Frontier Fields: High-redshift Predictions and Early Results
The Frontier Fields program is obtaining deep Hubble and Spitzer Space Telescope images of new "blank" fields and nearby fields gravitationally lensed by massive galaxy clusters. The Hubble images of the lensed fields are revealing nJy sources (AB mag > 31), the faintest galaxies yet observed. The full program will transform our understanding of galaxy evolution in the first 600 million years (z > 9). Previous programs have yielded a dozen or so z > 9 candidates, including perhaps fewer than expected in the Ultra Deep Field and more than expected in shallower Hubble images. In this paper, we present high-redshift (z > 6) number count predictions for the Frontier Fields and candidates in three of the first Hubble images. We show the full Frontier Fields program may yield up to ~70 z > 9 candidates (~6 per field). We base this estimate on an extrapolation of luminosity functions observed between 4 < z < 8 and gravitational lensing models submitted by the community. However, in the first two deep infrared Hubble images obtained to date, we find z ~ 8 candidates but no strong candidates at z > 9. We defer quantitative analysis of the z > 9 deficit (including detection completeness estimates) to future work including additional data. At these redshifts, cosmic variance (field-to-field variation) is expected to be significant (greater than ±50%) and include clustering of early galaxies formed in overdensities. The full Frontier Fields program will significantly mitigate this uncertainty by observing six independent sightlines each with a lensing cluster and nearby blank field.
© 2015 American Astronomical Society. Received 2014 April 30; accepted 2014 December 18; published 2015 February 12. This work is supported by HST archival research program AR-13236. Support for AZ is provided by NASA through Hubble Fellowship grant HST-HF-51334.01-A awarded by STScI. The Frontier Fields are Director's Discretionary programs carried out with the NASA/ESA Hubble Space Telescope and the Spitzer Space Telescope. The Space Telescope Science Institute (STScI) is operated by the Association of Universities for Research in Astronomy, Inc. (AURA) under NASA contract NAS 5-26555. ACS was developed under NASA contract NAS 5-32864. The Spitzer Space Telescope is operated by the Jet Propulsion Laboratory, California Institute of Technology under a contract with NASA. This work utilizes gravitational lensing models produced by PIs Bradac, Ebeling, Zitrin & Merten, Sharon, and Williams funded as part of the HST Frontier Fields program conducted by STScI. The HST image mosaics were produced by the Frontier Fields Science Data Products Team at STScI. We obtained both the images and lens models from the Mikulski Archive for Space Telescopes (MAST). And we thank these teams for all their efforts. We also thank the STScI and SSC directors, their teams implementing the observing programs and reducing the data, and especially the Frontier Fields PI Jennifer Lotz for all of her hard work running this program. Finally, we thank our referee for detailed comments which helped us improve the manuscript. Facilities: HST (WFC3, ACS); Spitzer (IRAC)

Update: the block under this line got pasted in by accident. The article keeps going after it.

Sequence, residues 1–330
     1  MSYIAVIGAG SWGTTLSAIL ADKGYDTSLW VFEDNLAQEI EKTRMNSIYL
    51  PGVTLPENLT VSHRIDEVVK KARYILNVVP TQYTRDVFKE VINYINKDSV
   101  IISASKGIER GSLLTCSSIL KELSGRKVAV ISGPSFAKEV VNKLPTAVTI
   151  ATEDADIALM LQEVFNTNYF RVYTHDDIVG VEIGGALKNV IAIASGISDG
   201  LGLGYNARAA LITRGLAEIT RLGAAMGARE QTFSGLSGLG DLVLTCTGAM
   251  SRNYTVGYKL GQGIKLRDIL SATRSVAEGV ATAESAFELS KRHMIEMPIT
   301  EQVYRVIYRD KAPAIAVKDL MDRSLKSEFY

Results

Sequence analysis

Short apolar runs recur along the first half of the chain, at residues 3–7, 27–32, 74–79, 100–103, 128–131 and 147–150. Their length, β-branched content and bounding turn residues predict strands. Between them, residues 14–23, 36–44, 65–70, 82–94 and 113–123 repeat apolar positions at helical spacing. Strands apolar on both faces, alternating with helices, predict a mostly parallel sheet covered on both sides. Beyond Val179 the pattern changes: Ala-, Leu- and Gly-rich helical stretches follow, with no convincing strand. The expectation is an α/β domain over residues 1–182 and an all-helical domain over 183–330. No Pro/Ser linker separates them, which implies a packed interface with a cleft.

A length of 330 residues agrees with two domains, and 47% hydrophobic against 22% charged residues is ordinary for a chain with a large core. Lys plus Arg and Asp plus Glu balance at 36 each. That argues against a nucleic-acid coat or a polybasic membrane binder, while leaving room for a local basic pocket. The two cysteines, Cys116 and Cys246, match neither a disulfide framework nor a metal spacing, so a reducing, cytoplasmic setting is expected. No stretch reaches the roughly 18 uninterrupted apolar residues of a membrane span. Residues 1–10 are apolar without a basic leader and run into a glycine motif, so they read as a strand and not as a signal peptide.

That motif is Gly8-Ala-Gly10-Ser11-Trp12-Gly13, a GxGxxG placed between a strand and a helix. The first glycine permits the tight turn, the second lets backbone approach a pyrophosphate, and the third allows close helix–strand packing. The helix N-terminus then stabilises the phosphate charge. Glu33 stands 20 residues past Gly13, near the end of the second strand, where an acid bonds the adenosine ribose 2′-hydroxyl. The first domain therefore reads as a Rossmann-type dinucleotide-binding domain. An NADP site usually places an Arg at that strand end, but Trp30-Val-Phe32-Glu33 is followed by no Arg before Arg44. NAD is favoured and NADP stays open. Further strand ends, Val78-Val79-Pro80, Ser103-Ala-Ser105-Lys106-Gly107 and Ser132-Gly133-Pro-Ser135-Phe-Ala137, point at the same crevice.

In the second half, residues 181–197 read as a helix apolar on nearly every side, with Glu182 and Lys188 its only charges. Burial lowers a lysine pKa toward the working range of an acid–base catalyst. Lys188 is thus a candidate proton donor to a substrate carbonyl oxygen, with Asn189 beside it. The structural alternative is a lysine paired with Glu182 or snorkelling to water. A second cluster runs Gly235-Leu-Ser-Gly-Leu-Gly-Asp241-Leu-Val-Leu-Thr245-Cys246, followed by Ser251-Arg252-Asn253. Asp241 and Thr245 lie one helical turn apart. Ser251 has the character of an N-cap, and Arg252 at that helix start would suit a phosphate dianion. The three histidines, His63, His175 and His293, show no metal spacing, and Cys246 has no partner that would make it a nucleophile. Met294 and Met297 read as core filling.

Published - 0004-637X_800_2_84.pdf
Submitted - 1405.0011v1.pdf